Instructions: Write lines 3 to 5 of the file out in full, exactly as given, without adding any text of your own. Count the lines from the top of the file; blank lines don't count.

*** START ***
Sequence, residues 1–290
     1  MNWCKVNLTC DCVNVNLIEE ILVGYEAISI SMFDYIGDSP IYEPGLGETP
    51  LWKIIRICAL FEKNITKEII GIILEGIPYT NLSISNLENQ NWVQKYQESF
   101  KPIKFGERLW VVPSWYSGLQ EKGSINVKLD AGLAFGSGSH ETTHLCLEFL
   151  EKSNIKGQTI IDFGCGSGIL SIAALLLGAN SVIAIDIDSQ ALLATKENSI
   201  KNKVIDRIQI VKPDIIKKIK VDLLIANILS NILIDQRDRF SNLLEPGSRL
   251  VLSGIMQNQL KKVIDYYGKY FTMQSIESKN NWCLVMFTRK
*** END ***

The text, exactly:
    51  LWKIIRICAL FEKNITKEII GIILEGIPYT NLSISNLENQ NWVQKYQESF
   101  KPIKFGERLW VVPSWYSGLQ EKGSINVKLD AGLAFGSGSH ETTHLCLEFL
   151  EKSNIKGQTI IDFGCGSGIL SIAALLLGAN SVIAIDIDSQ ALLATKENSI